In detail, an array of Ti/Au metal alignment marks is fabricated on the surface of the DBR planar cavity structure through a standard lift-off process. Then a wavelength-tunable pulsed laser is used to give rise to a PL emission from the QDs, while a 1050 nm light emitting diode (LED) with a power of ≈2 mW is simultaneously used to illuminate the alignment marks. The illumination wavelength of LED is chosen out of the stopband (870–980 nm) of our Bragg mirrors to regain contrast in the image. The microscope objective is focused on the QD layer at the center of λ-GaAs cavity (≈1.85 μm below the surface) when imaging the fluorescence from the QDs, while imaging of the alignment marks is done by focusing on the planar surface of the structure to ensure its positioning accuracy. The exposure time of EMCCD is set at 0.1 s to reduce sample drift during images acquisition.

Representative images of the alignment marks (focused on the planar surface) and QD photoluminescence (focused on ≈1.85 μm below the surface) are shown in Fig. 1(b,c), respectively. A circular bright spot and related alignment marks are clearly visible in Fig. 1(b), which represents the emission from one single QD within an ≈60 μm ×60 μm field of view. Orthogonal line cuts of the alignment marks are fitted with Gaussian functions using a nonlinear least squares approach, determining their centre positions with an typical uncertainty of ≈18.4 nm (Fig. 1(d,e)). While the circular spot becomes optimally focused at the cost of fading the alignment marks in Fig. 1(c), with the extracted peak of x-positions with one standard deviation uncertainty as low as 6.6 nm, much better than that of 20.6 nm when focused on the planar surface (Fig. 1(e)). Furthermore, histograms of the measured values in Fig. 1(f) show that the mean uncertainties in the quantum dot, alignment mark, and the QD-alignment mark separation are 10.9 nm, 17.1 nm, and 20.6 nm, respectively. Thus this PL imaging technique allow us to determine the QD position by pointing the maximum of the QD emission according to the two-dimensional alignments marks, with an average position uncertainty of ≈20 nm.

Spectral matching by carefully designing the pillar radius

After selecting the QD with desired photon energy (around the planar cavity mode) and accurately determining its position, the fundamental mode of pillar should be carefully designed to achieve spectral matching. As the energy of fundamental mode increases when the radius decreases31,32, the pillar radius (R) is purposefully chosen according to the deviation of the emission frequency of the QD from the planar cavity mode. And then, typical micropillar cavities are fabricated (see micropillar fabrication in the Method Section). A scanning electron microscopy (SEM) image of a typical pillar with a diameter of 2 μm is presented in Fig. 2(a), which is superimposed with the normalized electric field intensity distribution (\(|\overrightarrow{E}|\)) calculated by 3D-FDTD method (detailed in Fig. S1 in Supplementary Information). Figure 2(b),(c) show the representative photoluminescence images of the device before and after fabrication, indicating a QD emission is just in the center of a micropillar structure. Figure 2(d) presents the measured and theoretical energy of the fundamental mode for the pillar cavities as a function of the designed diameter. The black circles represent the experiment cavity modes of different diameters acquired by raising the power of excitation laser, which is well matched to the theory result (red line) according to equation32,33:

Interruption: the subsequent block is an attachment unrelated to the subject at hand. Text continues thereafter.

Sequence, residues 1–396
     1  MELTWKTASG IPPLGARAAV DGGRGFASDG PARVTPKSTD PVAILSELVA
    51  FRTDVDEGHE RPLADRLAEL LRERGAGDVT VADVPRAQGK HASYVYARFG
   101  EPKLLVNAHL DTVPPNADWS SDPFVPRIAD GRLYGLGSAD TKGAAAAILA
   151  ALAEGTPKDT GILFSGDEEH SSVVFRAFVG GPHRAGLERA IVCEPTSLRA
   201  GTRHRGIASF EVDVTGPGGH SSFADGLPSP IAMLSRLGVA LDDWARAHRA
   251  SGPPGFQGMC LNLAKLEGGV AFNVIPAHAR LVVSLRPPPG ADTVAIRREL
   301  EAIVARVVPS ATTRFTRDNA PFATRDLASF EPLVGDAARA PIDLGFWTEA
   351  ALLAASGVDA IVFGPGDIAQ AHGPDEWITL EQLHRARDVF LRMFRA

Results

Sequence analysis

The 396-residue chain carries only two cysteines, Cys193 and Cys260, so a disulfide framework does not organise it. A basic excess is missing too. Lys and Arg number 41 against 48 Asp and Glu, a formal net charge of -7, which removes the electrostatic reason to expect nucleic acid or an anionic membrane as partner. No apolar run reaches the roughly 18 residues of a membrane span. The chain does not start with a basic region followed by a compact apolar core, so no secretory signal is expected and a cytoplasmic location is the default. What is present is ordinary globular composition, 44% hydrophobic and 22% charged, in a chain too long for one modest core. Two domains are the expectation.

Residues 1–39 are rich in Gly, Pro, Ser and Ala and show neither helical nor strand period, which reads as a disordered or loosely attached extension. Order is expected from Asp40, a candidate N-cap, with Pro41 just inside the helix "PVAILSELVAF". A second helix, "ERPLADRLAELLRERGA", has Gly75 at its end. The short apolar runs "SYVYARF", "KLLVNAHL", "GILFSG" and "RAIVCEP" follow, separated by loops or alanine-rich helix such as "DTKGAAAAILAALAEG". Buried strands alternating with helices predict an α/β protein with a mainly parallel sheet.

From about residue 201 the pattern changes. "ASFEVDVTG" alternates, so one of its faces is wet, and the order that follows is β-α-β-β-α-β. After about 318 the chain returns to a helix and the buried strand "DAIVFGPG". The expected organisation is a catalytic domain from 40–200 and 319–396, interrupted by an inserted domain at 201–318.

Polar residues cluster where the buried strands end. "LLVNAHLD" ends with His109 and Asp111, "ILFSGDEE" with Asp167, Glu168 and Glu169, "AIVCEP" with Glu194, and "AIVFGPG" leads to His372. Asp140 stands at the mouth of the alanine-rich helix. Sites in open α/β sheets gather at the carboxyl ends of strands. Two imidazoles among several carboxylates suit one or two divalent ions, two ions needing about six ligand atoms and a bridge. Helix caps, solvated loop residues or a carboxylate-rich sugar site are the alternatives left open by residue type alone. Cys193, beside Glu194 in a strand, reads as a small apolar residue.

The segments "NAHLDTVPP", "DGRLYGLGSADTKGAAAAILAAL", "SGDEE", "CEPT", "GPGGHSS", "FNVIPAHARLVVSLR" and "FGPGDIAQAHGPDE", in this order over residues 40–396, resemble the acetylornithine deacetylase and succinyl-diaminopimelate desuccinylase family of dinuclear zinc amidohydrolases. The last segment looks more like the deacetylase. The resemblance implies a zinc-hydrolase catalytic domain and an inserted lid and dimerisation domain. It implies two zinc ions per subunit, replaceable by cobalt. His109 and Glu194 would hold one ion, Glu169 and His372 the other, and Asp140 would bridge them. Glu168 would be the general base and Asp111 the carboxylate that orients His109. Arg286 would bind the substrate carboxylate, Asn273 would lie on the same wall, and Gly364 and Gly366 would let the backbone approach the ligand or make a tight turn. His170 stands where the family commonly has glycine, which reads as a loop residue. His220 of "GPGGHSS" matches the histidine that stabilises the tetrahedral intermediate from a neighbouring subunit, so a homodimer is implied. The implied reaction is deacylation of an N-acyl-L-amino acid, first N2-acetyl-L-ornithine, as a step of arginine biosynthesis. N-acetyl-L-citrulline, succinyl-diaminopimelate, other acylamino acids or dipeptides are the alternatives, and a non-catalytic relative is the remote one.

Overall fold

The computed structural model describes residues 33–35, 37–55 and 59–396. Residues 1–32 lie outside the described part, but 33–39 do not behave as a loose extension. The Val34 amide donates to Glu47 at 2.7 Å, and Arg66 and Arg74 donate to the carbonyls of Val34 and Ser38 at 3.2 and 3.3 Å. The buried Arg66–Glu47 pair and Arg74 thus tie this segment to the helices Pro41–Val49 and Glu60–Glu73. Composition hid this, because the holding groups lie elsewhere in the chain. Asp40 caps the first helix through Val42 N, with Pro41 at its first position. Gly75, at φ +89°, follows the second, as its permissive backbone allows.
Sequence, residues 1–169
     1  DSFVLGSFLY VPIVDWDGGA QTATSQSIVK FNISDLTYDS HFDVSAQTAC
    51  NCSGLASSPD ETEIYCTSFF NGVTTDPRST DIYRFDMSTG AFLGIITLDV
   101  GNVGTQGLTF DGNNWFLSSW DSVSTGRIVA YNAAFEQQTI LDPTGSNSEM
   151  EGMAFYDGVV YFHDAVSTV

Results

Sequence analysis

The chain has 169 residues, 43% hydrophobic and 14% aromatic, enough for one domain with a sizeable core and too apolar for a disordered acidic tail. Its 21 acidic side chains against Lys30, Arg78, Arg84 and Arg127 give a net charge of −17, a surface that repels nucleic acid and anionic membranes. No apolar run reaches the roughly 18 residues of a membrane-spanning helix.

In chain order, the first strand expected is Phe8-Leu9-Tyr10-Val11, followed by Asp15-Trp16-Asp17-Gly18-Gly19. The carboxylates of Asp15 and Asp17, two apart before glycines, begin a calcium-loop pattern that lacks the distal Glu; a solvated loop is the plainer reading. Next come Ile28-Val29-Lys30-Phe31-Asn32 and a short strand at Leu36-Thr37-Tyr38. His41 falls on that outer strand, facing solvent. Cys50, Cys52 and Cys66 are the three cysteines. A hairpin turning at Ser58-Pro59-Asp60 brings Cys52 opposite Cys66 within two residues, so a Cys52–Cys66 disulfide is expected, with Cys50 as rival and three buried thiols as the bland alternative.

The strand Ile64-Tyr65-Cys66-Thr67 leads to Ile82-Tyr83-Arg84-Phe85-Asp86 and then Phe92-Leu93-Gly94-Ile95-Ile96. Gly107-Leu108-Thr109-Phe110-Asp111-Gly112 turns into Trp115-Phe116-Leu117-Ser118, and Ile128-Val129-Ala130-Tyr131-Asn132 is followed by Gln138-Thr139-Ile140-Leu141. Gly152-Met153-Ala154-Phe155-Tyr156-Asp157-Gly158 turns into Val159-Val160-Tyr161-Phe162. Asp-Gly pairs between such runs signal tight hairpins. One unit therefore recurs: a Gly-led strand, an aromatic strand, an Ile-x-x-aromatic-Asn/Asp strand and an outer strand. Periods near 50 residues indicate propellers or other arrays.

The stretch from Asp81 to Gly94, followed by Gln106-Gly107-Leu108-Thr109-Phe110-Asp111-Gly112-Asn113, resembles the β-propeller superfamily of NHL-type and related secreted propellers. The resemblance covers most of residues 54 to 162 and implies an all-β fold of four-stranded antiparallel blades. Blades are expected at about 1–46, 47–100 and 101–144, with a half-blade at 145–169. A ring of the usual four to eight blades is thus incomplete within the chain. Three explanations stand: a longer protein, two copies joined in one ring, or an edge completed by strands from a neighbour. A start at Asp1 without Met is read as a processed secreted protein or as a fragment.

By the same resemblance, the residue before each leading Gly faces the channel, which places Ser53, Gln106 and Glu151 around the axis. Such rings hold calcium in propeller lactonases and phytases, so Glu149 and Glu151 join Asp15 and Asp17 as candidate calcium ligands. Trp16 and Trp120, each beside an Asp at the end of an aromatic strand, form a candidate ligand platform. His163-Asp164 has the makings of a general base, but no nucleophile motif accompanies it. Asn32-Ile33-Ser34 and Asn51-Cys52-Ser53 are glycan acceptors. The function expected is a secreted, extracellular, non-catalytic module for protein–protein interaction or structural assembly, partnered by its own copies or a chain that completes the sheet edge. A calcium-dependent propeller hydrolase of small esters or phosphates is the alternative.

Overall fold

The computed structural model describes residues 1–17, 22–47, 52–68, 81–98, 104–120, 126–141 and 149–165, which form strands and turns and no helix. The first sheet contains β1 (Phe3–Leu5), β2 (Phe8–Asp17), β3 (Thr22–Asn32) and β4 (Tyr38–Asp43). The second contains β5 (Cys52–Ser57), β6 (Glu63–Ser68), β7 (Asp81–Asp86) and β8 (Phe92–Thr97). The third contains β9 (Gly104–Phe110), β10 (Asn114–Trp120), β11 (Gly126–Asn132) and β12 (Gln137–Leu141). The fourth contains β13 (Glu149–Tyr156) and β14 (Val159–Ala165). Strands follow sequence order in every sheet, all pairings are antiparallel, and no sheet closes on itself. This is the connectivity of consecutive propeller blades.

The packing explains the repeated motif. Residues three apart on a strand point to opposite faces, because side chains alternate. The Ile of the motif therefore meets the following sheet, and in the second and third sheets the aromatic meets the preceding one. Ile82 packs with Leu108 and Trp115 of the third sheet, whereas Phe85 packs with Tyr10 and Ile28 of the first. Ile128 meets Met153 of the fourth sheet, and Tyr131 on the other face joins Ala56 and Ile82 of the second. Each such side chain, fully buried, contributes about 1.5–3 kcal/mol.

$$E=\sqrt{{E}_{2D}^{2}+\frac{{\hslash }^{2}{c}^{2}}{\varepsilon }\frac{{\chi }_{{n}_{\phi },{n}_{r}}^{2}}{{R}^{2}}}$$

Where \({E}_{2D}\) is the resonance of the planar cavity, \({\chi }_{{n}_{\phi },{n}_{r}}\) represents the \({n}_{r}^{th}\) zero of the Bessel function \({J}_{{n}_{\phi }(\frac{{\chi }_{{n}_{\phi },{n}_{r}}}{R})}\), and R is the radius of the pillar. For the fundamental HE 11 mode, the quantum numbers (\({n}_{\phi },{n}_{r}\), 0) is (1, 0, 0), and \({\chi }_{\mathrm{1,0}}\) equals to 2.4048 here.

Figure 2

(a) Scanning electron microscopy (SEM) image of a typical pillar with a diameter of 2 μm, along with the normalized electric field intensity distribution \(|\overrightarrow{E}|\) calculated by 3D-FDTD method. (b,c) Photoluminescence images of a 4 μm diameter micropillar with a single quantum dot in the center before (b) and after (c) fabrication. Scale bar represents 2 μm. (d) The average of measured energy (black dot with error bar) of the fundamental mode (HE 11) for the pillar cavities as a function of the designed diameter, which are well described by theory according to Eq. (1) plotted in red line. Inset is a typical experiment cavity mode of a micropillar with a diameter of 4 μm acquired by raising the excitation power.

By selecting appropriate pillar diameter for QD with different emission energy, we achieve a device yield of 45% in 47 devices by matching the emission wavelength between QD and fundamental mode in the range of 4 K to 40 K. The deviation from an ideal fabrication process is mainly due to the large diameter interval of 0.5 μm, the slightly shifts of QD emissions during heating and cooling for several times or within the etching processes that change the strain environment of the QDs, which are also found in ref.17.

Single photon source performance